Every night in Ulaanbaatar, at the Children’s Palace, the Tumen Ekh (Mongolian National Song and Dance Ensemble) puts on an hour long show. From my knowledge, people don’t really think about Mongolian traditional song and dance. And if they do, they’re only knowledge will be about “Throat Singing”. I will admit that the throat singing is something special, but there is so much more to Mongolian culture than only that.
The Children’s Palace is located in a park (of which I don’t know the name). Right near the entrance to the park is this charming little gate. I was slightly taken aback by the amazing sculpture carved into the stone. My friend Irene and I thought it would be entertaining to imitate the creature, person….thing.
Upon walking into the theatre, it, like most other things, strikes you as communist. This building is an interesting combination of Communist and traditional Mongolian. You can see from this picture of the roof that there is definitely an Asian influence. However, there is the fact that the lobby is overwhelmingly concrete and cold, and the name itself, the Children’s Palace.
The theatre is fairly small. Considering it is a national song and dance ensemble, and the number of tourists it seems to draw, I would’ve expected something slightly more grand. It is only about five rows, in a horseshoe shape. It was perfect for the number of people there. It was full but not overly so. I guess that’s exactly what you ask for when you are a theatre organizer, promoter, person. There were such a variety of acts that I honestly don’t think I can remember the first one. I’m fairly certain that it might have been a guy who was lung singing.
After that, there were a variety of musical (both instrumental and singing) acts. Each was unique and amazing, but given that each act only last a few minutes and there is a full hour, it was a lot to absorb. Of the whole performance, there were two acts that stole the show. The first was of course, the throat singing. Let’s just say that there were moments when I was sitting there wondering how it is possible for a human to make those noises. Coming from a North American/European heritage, we don’t really get creative with how we use our bodies, voices, etc.
The second spectacular act of the evening was the contortionist. I knew that contortionist was popular in some parts of Asia and even in Russia, where it is a popular circus act. For some reason, the fact that it would be popular on all of Mongolia’s borders didn’t cause my mind to leap to the assumption that there would be Mongolian contortionists. Either way, I had similar sentiments watching the girl bend and balance while biting this stick thing, that I did when watching the throat singer: How is this possible? I definitely found there were a few times while the contortionist was performing that I had the heebie-jeebies. When an average person bends like that it doesn’t usually end well.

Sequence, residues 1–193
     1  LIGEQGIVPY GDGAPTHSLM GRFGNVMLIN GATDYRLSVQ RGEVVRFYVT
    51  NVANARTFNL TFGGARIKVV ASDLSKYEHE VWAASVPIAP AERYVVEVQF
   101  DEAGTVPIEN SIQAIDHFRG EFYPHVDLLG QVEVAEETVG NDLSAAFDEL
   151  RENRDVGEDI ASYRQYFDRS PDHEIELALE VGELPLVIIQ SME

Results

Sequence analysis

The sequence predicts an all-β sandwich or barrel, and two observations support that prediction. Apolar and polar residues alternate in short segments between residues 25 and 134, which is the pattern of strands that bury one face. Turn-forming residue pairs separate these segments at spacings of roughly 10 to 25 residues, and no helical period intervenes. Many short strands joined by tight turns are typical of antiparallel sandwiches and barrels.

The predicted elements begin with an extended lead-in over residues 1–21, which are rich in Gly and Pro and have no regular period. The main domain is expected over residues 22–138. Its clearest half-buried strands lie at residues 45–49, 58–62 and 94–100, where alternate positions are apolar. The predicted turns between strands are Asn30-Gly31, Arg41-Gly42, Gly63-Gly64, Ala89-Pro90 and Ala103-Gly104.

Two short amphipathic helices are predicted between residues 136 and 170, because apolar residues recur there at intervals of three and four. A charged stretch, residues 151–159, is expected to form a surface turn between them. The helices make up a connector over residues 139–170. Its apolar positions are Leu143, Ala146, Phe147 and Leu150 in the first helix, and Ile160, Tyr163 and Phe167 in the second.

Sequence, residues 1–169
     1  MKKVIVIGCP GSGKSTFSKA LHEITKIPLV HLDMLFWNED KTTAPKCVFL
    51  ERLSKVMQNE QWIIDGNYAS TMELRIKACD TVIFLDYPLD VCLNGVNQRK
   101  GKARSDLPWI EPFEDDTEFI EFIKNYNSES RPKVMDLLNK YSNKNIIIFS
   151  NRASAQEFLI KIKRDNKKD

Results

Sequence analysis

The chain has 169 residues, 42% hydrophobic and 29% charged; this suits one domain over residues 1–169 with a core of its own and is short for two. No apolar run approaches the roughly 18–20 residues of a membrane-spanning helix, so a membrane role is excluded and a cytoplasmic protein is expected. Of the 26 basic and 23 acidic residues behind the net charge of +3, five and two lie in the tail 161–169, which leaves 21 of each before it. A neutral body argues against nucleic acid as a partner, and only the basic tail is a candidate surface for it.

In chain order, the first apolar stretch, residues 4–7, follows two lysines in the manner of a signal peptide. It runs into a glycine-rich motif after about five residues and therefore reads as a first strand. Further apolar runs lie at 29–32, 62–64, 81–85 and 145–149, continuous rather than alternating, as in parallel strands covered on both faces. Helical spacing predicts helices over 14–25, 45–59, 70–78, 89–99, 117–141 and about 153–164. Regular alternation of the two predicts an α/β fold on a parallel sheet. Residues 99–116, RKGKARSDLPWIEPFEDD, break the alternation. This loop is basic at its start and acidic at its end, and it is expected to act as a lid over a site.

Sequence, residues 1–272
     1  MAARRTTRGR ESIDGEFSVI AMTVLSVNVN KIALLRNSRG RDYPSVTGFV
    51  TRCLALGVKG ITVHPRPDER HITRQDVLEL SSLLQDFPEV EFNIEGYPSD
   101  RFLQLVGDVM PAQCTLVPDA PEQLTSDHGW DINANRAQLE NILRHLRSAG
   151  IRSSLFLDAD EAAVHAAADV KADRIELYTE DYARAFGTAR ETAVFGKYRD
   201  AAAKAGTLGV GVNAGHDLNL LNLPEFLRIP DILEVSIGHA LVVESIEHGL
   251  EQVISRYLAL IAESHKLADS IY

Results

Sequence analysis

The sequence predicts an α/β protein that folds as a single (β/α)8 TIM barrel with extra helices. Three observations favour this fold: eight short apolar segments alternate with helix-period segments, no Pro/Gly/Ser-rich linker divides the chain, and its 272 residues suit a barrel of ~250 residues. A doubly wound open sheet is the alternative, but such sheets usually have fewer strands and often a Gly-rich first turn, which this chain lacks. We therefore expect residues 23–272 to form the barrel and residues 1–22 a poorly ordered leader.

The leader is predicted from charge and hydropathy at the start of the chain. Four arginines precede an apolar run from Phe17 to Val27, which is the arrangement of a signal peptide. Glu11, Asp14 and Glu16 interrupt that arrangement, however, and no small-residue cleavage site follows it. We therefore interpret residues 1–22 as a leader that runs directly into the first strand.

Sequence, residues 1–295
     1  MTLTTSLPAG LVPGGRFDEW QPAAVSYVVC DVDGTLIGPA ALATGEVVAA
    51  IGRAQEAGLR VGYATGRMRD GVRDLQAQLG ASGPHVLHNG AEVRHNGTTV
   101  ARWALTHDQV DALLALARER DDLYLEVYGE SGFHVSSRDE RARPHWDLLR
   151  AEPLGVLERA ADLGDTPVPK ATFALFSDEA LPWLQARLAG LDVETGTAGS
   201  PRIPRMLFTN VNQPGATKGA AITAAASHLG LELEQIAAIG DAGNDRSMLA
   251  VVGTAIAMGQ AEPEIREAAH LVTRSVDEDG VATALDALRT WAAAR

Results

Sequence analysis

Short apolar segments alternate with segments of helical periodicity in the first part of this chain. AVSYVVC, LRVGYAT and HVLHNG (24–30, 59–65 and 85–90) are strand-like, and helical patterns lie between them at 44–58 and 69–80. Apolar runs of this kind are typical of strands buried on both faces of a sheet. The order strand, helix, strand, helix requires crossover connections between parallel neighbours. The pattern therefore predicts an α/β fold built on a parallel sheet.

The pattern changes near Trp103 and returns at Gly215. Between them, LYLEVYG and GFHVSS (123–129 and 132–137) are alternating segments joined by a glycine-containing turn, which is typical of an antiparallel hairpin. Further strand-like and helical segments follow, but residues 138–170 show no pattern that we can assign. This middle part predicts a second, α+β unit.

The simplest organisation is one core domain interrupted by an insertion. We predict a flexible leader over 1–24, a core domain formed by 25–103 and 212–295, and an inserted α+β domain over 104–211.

Actually, I lie when I say there were only two scene stealers. The final act was a mask dance, that involved all of the performers. I wish I had another adjective to describe how amazing the act was, but, alas, I have no other words for it. Fabulous seems a little too modern and Western, spectacular….I think I used that one a few times already too. The mask dance combined both the skills of the traditional musicians and singers, and the dancers. Each of the masked dancers represented something different. One of them represented death, for example. They really picked their final act well, it provided the perfect summary for the evening’s entertainment.
Although, I would normally be all high and mighty and like to say “I stay off the tourist trail” or that event is “too touristy for me”, I would recommend hoping back on the tourist band wagon. I’ve stayed off the tourist trail for the majority of the last week, I live in a local neighbourhood, go to local establishments, shop at the local super market and, when I’m feeling adventurous, the Black Market. But as a traveller, you often need the tourist traps to supplement the local experiences. At this event, the majority of the attendees to this event were Euro/North American tourists, and those who weren’t were Chinese. If I chose not to do the pseudo-cultural things on this trip, I would be missing out on a lot. Full traditional dances don’t just happen sporadically in your apartment building, you have to seek them out. And this seeking leads you to the same place as all the other tourists.